When the Treasury Department launched its Home Affordable Refinance Program (HARP) in March 2009, there were hopes that it could help as many as five million borrowers. Two and a half years later, the actual number remains under a million. Now, the Obama Administration is hoping to breathe new life into the program with some targeted tweaks:
- Eliminating or lowering borrower fees
- Removing the 125 percent loan-to-value ceiling
- Waiving appraisals when a reliable AVM (automated valuation model) is available
- Waiving some representations and warranties for lenders
That last item is causing ripples in the mortgage industry: It means loan originators can sell the new refinanced loans to Fannie Mae or Freddie Mac without fear of the “buy back” provisions present in most mortgage loans. Those mechanisms require loan originators to buy back loans they've sold when defaults reach a certain level. As big mortgage servicers such as Bank of America have experienced, that put-back risk can be crippling when defaults are abnormally high.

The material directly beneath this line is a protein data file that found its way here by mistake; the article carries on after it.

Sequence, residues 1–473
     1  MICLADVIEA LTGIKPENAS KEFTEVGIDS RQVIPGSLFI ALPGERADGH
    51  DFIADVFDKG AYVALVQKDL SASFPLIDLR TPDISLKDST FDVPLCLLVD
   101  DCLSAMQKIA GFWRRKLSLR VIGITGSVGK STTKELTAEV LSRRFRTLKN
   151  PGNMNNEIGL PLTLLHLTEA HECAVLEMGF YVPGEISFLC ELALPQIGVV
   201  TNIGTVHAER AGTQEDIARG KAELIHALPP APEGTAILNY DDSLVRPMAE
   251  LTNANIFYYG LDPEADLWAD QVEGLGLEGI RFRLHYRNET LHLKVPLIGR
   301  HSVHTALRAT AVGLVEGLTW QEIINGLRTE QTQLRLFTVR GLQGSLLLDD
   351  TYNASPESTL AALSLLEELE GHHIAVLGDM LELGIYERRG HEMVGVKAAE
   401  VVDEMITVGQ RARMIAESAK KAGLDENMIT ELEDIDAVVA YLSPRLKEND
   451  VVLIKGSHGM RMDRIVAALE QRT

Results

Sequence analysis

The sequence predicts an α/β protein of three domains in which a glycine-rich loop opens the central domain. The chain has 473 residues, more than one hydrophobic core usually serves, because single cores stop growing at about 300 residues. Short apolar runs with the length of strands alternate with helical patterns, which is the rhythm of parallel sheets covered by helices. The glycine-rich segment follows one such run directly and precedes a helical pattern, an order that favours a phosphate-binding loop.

The hope is that lenders will jump at the chance to write new refi loans without risk. Homeowners will potentially save thousands of dollars a year in reduced payments, stimulating the economy much as a large tax cut would. More importantly, the improved loan terms will hopefully reduce the temptation of strategic default for homeowners that are underwater.
Each of these presumptions has been challenged by observers, who point out that:
- Fannie already has a program that waives reps and warrants provisions. Thus, the newly-stated policy won’t affect the refinance rate for Fannie Mae loans.
- In the current depressed economy, homeowners will use any savings to pay down other debts and obligations, so the stimulus effect will be minimal.
- The main driver of strategic default is principal balances that exceed home values. HARP doesn’t address that.
Another Bank Bailout?
Removing the risk for loan originators means that risk is simply transferred to Fannie and Freddie, the buyers of the new loans. Thus, the U.S. taxpayer will be on the hook for the banks’ misfortunes—again.
The government replies that only loans sold to Fannie and Freddie before June 2009 are eligible. Those are considered “seasoned loans”, meaning that if they were going to default they already would have. Given the continued slide of home prices and persistent unemployment, that assumption may be faulty as well.
For the million or so homeowners it may actually reach, the new HARP will surely be a blessing. For the rest of the country—the jury is still out.